Sculptor Zak Ové creates monumental Afrofuturistic rocket ship, but it has nowhere to land

Zak Ové's The Mothership Connection © Don R Weerasirie - MAK Studios

Zak Ové's The Mothership Connection © Don R Weerasirie - MAK Studios

The Buck stopped here

The Buck stopped here is a weekly blog by our contemporary art correspondent Louisa Buck covering the hottest events and must-see exhibitions in London and beyond

When it comes to sculpture, Zak Ové doesn’t hold back. His two giant carnivalesque moko jumbie stilt-walkers currently preside over the British Museum’s Africa galleries. And over the past few years his massed crowd of identically cast graphite figures, which are based on a wooden sculpture from Kenya and stand at more than two m-high, have been lined up before Somerset House in London, Lacma in Los Angeles, San Francisco’s City Hall Plaza and in the rolling acres of Yorkshire Sculpture Park.

Now the British artist has created his largest work yet—a massive multicoloured structure nearly nine m-high called The Mothership Connection. “I wanted to make a work about the diaspora, referring not just to Africa but how the Black community has contributed to Western modernity worldwide,” says Ové.

The head of The Mothership Connection © Don R Weerasirie - MAK Studios

Part-totem, part-robot, part-rocket, The Mothership Connection mixes African, Western and pop cultural references and lights up like a beacon. It has a base shaped like Mali’s famous Djenne mud mosque and a body built up out from elements taken from masonic architecture and Washington D.C.’s capitol building.

“It’s not discussed enough how Black hands were instrumental in building these monuments through indentured labour and slavery” Ové says. Tribal masks, Cadillac lights and Haitian etched Veve symbols all adorn the surfaces, with Ové admitting that the piece’s supporting space rocket legs are “nicked off Thunderbird 3 and Africanized with ankle bracelets”.

Topping off this imposing Mothership—and also mitigating much of its phallic thrust—is a super-sized Mende helmet mask, traditionally worn exclusively by women from Sierra Leone to perform healing ceremonies. Cast in luminous resins, these sit at its head and are illuminated from within. “These masks are all about female power and healing and I love that their design is so futuristic,” Ové says of his sculpture, which also powerfully alludes to his enduring love of Afrofuturism. The work shares its title with that of a classic album by the Funkadelic group Parliament. “I remember seeing George Clinton and Parliament in 1976, the year Star Wars came out,” Ové recalls. “When he entered the stage in a spaceship it blew me away. It gave me a reference I could dream of.”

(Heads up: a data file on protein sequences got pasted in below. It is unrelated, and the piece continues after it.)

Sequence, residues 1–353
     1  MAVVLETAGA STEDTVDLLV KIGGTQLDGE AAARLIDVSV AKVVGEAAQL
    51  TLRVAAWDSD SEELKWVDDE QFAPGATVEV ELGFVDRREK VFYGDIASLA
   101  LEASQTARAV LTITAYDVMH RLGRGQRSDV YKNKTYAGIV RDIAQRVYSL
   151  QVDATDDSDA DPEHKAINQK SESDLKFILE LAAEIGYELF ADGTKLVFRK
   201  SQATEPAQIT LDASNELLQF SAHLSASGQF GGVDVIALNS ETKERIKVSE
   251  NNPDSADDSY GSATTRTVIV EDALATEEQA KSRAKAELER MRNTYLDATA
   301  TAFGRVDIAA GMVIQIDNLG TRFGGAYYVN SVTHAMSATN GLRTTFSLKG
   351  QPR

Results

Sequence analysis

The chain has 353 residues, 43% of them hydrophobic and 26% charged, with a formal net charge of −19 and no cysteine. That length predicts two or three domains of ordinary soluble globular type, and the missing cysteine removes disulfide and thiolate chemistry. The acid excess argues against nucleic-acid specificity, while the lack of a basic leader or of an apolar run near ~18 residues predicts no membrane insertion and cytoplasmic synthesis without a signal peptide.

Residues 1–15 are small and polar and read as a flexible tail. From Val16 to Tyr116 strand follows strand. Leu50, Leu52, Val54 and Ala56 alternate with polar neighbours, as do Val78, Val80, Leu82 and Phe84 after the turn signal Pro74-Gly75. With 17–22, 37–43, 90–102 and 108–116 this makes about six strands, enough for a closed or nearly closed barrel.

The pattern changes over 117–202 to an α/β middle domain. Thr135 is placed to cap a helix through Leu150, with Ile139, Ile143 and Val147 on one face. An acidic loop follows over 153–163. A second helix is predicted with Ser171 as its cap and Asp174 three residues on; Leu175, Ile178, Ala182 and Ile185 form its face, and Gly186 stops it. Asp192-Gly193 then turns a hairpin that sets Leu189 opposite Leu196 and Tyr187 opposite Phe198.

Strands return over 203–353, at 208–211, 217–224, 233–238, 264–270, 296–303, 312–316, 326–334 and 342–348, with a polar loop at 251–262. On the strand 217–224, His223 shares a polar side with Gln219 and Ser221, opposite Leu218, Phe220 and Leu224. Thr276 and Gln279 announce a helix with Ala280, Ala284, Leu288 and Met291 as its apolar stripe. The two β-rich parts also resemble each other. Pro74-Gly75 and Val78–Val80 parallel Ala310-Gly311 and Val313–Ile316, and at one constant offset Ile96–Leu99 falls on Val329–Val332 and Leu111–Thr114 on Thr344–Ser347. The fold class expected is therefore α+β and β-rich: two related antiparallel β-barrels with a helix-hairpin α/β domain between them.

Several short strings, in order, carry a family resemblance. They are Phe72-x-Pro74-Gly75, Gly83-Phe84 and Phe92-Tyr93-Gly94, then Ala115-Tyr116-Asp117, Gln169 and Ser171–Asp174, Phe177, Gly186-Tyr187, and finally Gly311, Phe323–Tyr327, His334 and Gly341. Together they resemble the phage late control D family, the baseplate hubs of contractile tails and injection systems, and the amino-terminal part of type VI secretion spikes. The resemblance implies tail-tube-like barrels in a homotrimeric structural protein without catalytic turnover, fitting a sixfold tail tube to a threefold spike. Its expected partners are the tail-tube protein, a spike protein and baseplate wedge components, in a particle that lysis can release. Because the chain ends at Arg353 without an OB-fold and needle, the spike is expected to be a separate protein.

Zak Ové at Yorkshire Sculpture Garden with his sculptures Black and Blue: The Invisible Man and the Masque of Blackness.

Now, however, The Mothership Connection is currently languishing in storage and is in urgent need of somewhere to dock. The work was originally commissioned for a sculpture park on the Big Island of Hawaii but the pandemic put paid to that project. Talks are ongoing for its temporary installation in West London during the Kensington & Chelsea Art Festival this summer but the location is still has to be confirmed. With so much public sculpture currently being challenged for its ignoble associations and promotion of a blighted heritage, the time has surely never been so ripe for a new work that updates historical artefacts, forces them into uncomfortable associations and tells so many important and interconnected stories.

“It’s important to keep these traditions alive,” says Ové, who would like to see his work “in the RA’s courtyard or in front of the Tate,” or even touring internationally. “All mythologies need new substance and an evolution,” he says. “In a very positive way this type of work in this moment can speak about all sorts of things that are necessary. The references I use investigate a history and then those histories open up other stories. It becomes a catalyst for talking points on a number of levels about who we are and what was real, and what wasn’t.” Let’s hope that Ové’s Mothership finds a home in the present and many terrestrial connections in the near future.